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Citadel Group Study Abroad Programme, from Charleston, USA

Insights into the work the Citadel College Group fulfilled here in their month in Naples supporting migrant and refugee organisations as part of their college course on human rights:

Barbara, 62 years old 


The non-governmental organization we work with (LESS) has contracted with Pizzerias to teach the proper making of pizza to selected refugees seeking political asylum. This is so they can become certified as Pizzaioli. The $1000 fee for a four- to six-month placement on the job-training course is paid by the NGO or through donations. We have been told that a certified Napolitano Pizzaiolo can easily find work. Hamid, the youngest Afghanistan man at one of the shelters I visited, is currently in a Naples program. He was selected to begin his classes after Ramadan, owing to his quick learning of Italian. Hamid was excited about the classes but admitted he still favors his traditional dishes. We informed Hamid that at times we too miss our traditional food. We encouraged Hamid to complete the program and attempt to adapt to a new culture while retaining his own.


Todd, 20 years old from Charlestone, USA


I work with a group of 12 individuals, 6 of whom are a family from India. The other six are from various African nations, such as Ivory Coast, Mali, and Burkina Faso. They live in a structure, or building for asylum seekers, in Mugnano, which is a suburb in the outskirts of Naples. Mugnano is well known for its extreme poverty-stricken conditions. My job consists of assisting my local coordinator in any way possible, to work with the children in the family, and to provide a sense of normalcy in their lives.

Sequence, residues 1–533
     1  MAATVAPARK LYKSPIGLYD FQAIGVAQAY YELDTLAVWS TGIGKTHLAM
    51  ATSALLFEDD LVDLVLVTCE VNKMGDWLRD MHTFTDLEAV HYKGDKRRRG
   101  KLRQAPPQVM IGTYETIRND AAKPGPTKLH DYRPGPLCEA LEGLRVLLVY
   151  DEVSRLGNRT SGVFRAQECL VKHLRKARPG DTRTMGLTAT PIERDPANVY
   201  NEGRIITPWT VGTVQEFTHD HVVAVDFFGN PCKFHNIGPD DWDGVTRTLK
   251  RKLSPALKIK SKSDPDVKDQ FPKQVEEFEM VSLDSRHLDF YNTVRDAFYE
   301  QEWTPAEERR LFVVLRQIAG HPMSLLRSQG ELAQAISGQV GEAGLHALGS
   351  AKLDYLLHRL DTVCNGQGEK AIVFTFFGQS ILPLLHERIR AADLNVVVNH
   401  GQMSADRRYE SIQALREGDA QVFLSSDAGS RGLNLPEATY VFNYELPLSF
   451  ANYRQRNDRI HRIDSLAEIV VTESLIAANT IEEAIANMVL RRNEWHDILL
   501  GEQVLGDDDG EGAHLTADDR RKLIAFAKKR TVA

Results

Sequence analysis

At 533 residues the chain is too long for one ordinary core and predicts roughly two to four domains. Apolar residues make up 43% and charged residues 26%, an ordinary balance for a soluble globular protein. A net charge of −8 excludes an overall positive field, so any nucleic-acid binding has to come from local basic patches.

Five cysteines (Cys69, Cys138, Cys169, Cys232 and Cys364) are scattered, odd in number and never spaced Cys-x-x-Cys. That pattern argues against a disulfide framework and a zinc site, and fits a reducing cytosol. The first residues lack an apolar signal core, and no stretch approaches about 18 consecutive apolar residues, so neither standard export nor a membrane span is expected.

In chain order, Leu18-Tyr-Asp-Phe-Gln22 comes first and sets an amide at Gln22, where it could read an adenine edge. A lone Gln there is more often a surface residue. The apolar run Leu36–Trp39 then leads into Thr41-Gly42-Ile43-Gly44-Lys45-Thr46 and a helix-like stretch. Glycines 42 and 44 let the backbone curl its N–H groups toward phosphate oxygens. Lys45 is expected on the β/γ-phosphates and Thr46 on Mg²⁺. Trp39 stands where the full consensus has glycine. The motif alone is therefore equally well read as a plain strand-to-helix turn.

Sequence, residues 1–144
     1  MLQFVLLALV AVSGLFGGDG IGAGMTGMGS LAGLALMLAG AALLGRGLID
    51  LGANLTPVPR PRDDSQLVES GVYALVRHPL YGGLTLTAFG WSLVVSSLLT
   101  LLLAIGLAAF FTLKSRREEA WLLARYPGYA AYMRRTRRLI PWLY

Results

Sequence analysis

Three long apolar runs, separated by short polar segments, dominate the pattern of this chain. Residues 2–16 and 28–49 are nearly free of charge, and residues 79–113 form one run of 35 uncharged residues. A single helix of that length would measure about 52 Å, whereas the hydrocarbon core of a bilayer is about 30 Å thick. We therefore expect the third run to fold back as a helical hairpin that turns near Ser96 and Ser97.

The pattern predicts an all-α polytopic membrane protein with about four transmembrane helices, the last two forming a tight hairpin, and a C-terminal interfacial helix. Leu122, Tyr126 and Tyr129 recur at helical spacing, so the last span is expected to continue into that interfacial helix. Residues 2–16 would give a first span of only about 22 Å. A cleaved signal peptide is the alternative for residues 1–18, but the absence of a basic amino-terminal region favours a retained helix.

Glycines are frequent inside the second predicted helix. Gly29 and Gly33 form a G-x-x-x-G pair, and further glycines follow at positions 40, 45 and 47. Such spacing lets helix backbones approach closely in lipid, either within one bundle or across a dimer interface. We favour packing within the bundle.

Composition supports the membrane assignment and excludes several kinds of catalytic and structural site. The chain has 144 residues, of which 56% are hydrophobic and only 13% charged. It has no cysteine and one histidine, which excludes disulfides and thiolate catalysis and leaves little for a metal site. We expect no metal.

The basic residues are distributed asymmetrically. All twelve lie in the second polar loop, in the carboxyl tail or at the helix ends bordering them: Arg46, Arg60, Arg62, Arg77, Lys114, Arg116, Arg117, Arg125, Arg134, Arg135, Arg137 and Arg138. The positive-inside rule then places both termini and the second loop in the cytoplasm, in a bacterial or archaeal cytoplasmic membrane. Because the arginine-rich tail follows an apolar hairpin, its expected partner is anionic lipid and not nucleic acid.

I have had the opportunity to go out to the structure twice this week. Both days I accompanied my local coordinator. My immediate impression of Mugnano was overwhelmed by the trash in the streets. Trash and waste of every kind littered both sides of the street. Furthermore, the living conditions in large worn-down apartment buildings reminded me of a city that was still developing. Mugnano’s reputation of poverty is well deserved.

When we arrived at the structure, I noticed the difference in the level of cleanliness. The sidewalk in front of the house was swept; the stairs were swept; and everything was in proper order. I walked in and met everyone who lived there. I think they were a bit uneasy with me at first, but I have grown very friendly with them. Most of the men from Africa only speak French, except for one individual who speaks English very well. The family from India speaks English very well and helps me by translating for me with the other men in the house. Everyone in the house is so nice and friendly. They have gone out of their way to make me feel welcome whenever I show up. It is amazing how people that have left their homes can have such a positive demeanor and attitude towards a complete stranger.

Tucker, 33 years old 


In the two weeks we have been volunteering here, I’ve had a good chance to listen to the many stories of the men who live in the center. For the most part, they are the same: fleeing West Africa from joblessness and harsh governments. Most of them have made perilous journeys across the Sahara and into war-torn Libya, hoping to find passage across the sea to any European Union state that will take them. Along the way, their statelessness and desperation make them the perfect targets for exploitation.